I was teaching a class on communication the other day, which is one of my favorite classes to teach. It’s a simple class about social cues, reading nonverbal cues, etc. There’s a point each time I teach the class, where I tell the group, ‘It’s not really what you say, it’s your presence people are going to remember.’ This is a strange truth and strikes me each time because I believe words matter. I also believe in our every day interactions, we don’t always remember what was said, but our presence (the way we made someone feel; the imprint we left) does. One of the distinctively unique aspects of ‘the poem,’ is that is is essentially the free space for language. We evaluate whether a poem is good to us or not based on almost the same principle. There is no objective criteria or checklist on what makes a poem brilliant. In writing, there is nothing quite like it. It is simply the imprint, the feeling you are left with that attaches a reader to a poem. Some could argue that this is what makes reading and evaluating a poem a sort of ‘political act.’ The freedom that allows one to evaluate anything really shapes it as political. I’ve always felt that when one sits down to write a poem, he or she is (without even trying) engaging in a political act. At times, the politics are overt. Others not. Any time a poem works where the speaker is interrogated by his or her own engagement with the world around them, there is politics involved. A writer’s job is to ‘look hard,’ and ‘keep looking,’ at the world around them. Sometimes that brings one to writing a poem about walking a long a beach to a political level that is as high as writing a poem about a political scandal. For me, the personal is always political. As humans, there are going to be times when our private lives collide with troubling moments historically. In much of what I write, I am trying to make sense of something ‘someone’ or ‘myself,’ are provoked by. Typically this is where a public or private life or thought meets something that sparks a,’ fire,’ or ‘wonderment,’ or ‘disgust or distaste.’ Often, as the writer, the idea invests itself in me emotionally until I give it voice (sometimes that’s from multiple perspectives) until I find the one I find to be the most curious. When I’m writing something, I’m curious about it. If I’m not, I typically cannot complete it. The wonder, I guess, is are or will other people be just as curious about this subject matter? Sometimes there is a conclusion and sometimes the lack of a conclusion speaks more. The poem is a brilliant canvas painted abstractly or very concrete to its subject matter. In both cases, it remains divisive. The world will be the judge of what it is trying to articulate and that it goes down in history as one of the longest, withstanding ways to assert one’s opinion. When I was younger, I grappled with wanting to write ‘politically charged poems,’ about politically charged events; however, I’ve grown to recognize the art of writing poetry is often just political in it’s nature and the politics are shaded into the details of being a human being in a world full of institutions and systems. I have been for days attempting to organize my thoughts and create (as I always do) work to try to make sense of what is happening in the world, with the tiny exception that the world feels pretty chaotic right now. The systems and institutions that we deal with going through our every day adult lives are pretty much pushing other things to the background and demanding center stage. I, I think, similar to many people feel this is a pivotal time in history and in our democracy. I am in no way comparing today to the events of the past or the holocaust (although study history and it does have a way of repeating itself). I find myself thinking things all the time thinking about books like The Diary of Anne Frank and thinking, “I always said I would be on the side of history that would never allow atrocities like this to happen again.’ Then, I turn on the news and hear crowds chanting ‘hate speech,’ or our president spewing hateful rhetoric, or sitting in a room with someone and hearing them state something that is factually inaccurate and created by hate filled propaganda, being quiet so not to ruffle feathers. Writing a blog post, in itself, is not answering the question. I know what side of history I stand on. My whole life and reason for being is because I want everyone to understand and know they have a voice. I not only want them to understand this. I want them to use it. I understand there are people who disagree with my beliefs and in this country, it’s you’re right to use that voice. I, however, do not want to be found on the side of history that ever used my freedom of expression to silence somebody else’s voice. One of my favorite parts of starting this blog, which I did not expect, was that every so often someone likes what I write and lets me know. Many of those individuals have been fellow poets or bloggers and I love visiting their sites or blogs and reading what they are thinking about or creating, which I almost always love (although I really never use the ‘like’ button), which I should because I love getting that invitation to check out someone else’s work, so if you’ve stopped by and said ‘hi,’ I pretty much guarantee, I’ve enjoyed your work. Moving back to the original topic, I know if I want to be on the right side of history, the only way is through action. It’s not enough to say, “I wrote about it,” because let’s be real, there isn’t a lot of power in a little poetry blog. That being said, I’ve been reading blogs and I’m always reading poems, and this is a time for all artists out there to do their thing. I’ve heard more news anchors and columnists quote famous poets and speeches lately, then I have in my lifetime. Why? Because in times of great importance, art has just the right warmth and power to awaken the dawn of spring. We are in deep need of a spring. If we want to know about where we would have stood in history yesterday, we must align ourselves to the people making history today. We must align ourselves with their causes and as writers and artists, ask important questions, create, and document. In order to do that though, I feel it important to live it. As someone who endured the constant questioning of my voice, my strength, my abilities growing up, I challenge myself every day to be the person who stood behind someone and encouraged, taught, and mentored every individual to use the voice that was given to him, her, they, them.. I can’t think of a moment I enjoy more, than the first time I really hear one of the kids I work with (who typically come in pretty broken in regards to their voice) assert themselves. Even better, is the look on their own face when they recognize what they’ve just done. I revel when I hear them correct one another for inappropriate use of words (often hate rhetoric) that nobody taught them dismisses another person’s identity. I will say the past few days (years) have been so challenging. I have struggled to find a space to talk about how discouraging it is not only that individuals have come out of wherever they’ve been hiding and began spewing hateful rhetoric into the public arena and that so many people do not even know it’s going on or care. The world is more invested in game shows and pop culture than it is in the fact that our democracy’s core values are in crisis. It’s the same frustration that comes from people’s ambivalence to the fact that our planet is in serious trouble. The fact that it’s Amazon Prime Day gets more attention then these issues just guts me. I know writing on my blog, talking to people I see using plastic silverware in our cafeteria when there’s perfectly fine silverware, asking people I know to try to bring their own bags to the grocery store, informing someone when he or she engages in hateful language what he or she is stating and how it can be harmful, and teaching classes on asserting oneself, and how people remember us by the presence we left them, not always with the exact words we say…it’s a start. I also know there’s so much more to be done. In my quest to find some poem that captured some of what I’m feeling, I ran across this poem I forgot I wrote. I believe the initial inspiration for the poem was a letter that someone I was working with received and refused to open. The individual talked about what might be in the letter all the time, but he or she never opened it. I wrote the poem imagining all the things that could be in that letter (good and bad). When I read the poem today, I saw it differently. I thought about how many people today aren’t opening the daily mail. They’re not opening the letters. I began to think about the importance of opening the mail instead of ruminating about what’s in it. If we all did that and were pro-active, I imagine we’d have a different world.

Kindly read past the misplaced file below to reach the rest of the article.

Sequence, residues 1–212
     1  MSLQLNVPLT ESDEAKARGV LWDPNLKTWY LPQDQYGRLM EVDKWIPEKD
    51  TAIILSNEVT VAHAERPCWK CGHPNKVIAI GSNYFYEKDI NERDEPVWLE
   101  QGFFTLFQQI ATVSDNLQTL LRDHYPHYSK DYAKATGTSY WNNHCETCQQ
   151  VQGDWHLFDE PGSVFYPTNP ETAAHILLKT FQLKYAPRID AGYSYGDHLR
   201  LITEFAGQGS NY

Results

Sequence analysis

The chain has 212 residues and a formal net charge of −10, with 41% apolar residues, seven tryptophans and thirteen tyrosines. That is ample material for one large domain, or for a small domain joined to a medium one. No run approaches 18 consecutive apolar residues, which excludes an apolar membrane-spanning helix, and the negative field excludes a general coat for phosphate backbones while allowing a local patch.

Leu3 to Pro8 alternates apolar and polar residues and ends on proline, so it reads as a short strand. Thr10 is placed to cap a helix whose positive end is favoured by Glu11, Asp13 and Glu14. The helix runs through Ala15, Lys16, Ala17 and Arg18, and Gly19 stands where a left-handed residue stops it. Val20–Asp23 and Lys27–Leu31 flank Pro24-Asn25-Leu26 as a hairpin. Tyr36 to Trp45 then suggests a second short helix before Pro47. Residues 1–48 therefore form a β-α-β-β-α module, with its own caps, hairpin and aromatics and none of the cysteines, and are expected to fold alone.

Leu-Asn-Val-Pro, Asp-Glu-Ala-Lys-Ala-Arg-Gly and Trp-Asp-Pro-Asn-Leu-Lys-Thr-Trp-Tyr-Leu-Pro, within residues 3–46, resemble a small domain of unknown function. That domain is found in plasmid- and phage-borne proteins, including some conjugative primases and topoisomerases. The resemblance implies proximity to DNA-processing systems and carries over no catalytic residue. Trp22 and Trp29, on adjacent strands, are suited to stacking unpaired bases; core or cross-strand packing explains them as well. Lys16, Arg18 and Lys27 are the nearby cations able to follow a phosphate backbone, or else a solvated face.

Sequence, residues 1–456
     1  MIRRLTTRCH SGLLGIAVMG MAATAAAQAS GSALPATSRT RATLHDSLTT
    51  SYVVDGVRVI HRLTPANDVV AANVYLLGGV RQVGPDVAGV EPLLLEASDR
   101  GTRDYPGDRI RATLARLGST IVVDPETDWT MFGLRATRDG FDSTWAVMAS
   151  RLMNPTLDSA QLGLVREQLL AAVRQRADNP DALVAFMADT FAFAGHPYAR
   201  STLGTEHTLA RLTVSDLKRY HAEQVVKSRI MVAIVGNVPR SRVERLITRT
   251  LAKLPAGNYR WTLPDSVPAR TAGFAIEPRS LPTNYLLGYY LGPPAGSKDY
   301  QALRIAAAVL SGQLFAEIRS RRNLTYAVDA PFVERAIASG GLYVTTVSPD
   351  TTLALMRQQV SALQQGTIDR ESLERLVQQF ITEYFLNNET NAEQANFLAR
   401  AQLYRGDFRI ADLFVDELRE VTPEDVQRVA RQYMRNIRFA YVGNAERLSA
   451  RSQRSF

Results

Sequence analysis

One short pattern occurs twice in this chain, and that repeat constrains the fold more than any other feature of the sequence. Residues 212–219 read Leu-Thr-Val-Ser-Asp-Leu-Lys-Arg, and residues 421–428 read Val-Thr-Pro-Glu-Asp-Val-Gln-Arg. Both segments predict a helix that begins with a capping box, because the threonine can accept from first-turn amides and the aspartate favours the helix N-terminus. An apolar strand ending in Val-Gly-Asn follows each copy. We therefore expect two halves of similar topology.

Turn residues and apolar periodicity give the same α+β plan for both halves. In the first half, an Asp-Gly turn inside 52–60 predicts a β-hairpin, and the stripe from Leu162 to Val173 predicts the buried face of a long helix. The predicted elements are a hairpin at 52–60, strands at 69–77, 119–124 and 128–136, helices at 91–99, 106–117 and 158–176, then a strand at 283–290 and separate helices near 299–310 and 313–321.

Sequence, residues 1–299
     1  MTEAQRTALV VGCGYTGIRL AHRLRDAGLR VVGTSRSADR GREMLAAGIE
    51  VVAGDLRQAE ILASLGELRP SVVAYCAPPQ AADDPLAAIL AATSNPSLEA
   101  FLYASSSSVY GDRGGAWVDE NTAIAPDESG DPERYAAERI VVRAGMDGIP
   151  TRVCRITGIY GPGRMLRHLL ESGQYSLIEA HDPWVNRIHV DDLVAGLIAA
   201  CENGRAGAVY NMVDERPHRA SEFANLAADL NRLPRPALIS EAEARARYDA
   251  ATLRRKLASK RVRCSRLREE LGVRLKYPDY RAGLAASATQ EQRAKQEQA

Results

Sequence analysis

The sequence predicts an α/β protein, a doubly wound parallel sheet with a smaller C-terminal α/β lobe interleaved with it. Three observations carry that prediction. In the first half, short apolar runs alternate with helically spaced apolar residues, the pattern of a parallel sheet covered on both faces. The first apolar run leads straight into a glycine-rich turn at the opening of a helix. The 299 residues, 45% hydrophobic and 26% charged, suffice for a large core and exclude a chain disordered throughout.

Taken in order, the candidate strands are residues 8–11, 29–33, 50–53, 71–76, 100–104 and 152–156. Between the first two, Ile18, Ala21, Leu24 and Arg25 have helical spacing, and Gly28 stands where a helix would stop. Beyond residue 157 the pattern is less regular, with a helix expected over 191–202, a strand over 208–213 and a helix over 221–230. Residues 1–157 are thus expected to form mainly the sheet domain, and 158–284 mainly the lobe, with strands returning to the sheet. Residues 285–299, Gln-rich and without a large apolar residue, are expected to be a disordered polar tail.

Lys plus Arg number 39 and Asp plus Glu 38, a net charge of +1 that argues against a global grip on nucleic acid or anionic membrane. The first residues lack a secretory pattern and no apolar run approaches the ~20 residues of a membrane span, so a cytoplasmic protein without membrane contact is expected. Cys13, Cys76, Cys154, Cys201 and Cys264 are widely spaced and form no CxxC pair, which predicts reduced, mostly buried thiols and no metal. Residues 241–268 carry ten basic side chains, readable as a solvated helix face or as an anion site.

Who knows what will happen when all is ripped open
anything could be inside? Dreadful mistakes
Or never ending beauty. Who knows
you might find invisible handprints on your thighs
Or reminders of touches that have escaped you.
There may be permanent rest for your feet
Or they may be someone walking all over you.
Who knows? What might drip from the envelope
Tears, or metaphors, or confessions of sins committed-
You just don’t know. There could be conflict
between the pages of paper or a long distance prisoner
Calling to tell you he is once again a free man.
There could be a suicide, an elective death,
A loneliness that silently cries out with the pretense of no despair.
It’s just not known. There could be a father
Spewing vile filled hate at a mother
who is raising his children or it could be his confession
He never wanted a child in the first place.
There could be lots of staring and observations,
Solo thoughts disclosed at the hope of inviting you in
Pr a wicked plan to try to methodically capture you in hateful rhetoric.
There could be secretions of mind draining content and solitude
Spoken carefully from a place that lets nothing in.
It may be big, strong, firm, bold, and lost long
or be very staccato. It could be long, flowing,
Soft like the skirt of a girl whose dancing in wondrous emotion.
Whatever is inside, I want you to open it.
I need you to read it and let it say something to you.
Even if that being said says nothing,
You still will have learned something
The mind is a muscle, but it’s also an excellent tool
You might start seeing something
You could never have,
If you left this envelope sit, sealed.
What you never chose to see
Could be the one thing the world needed to hear
To stop the unspeakable from being spoken.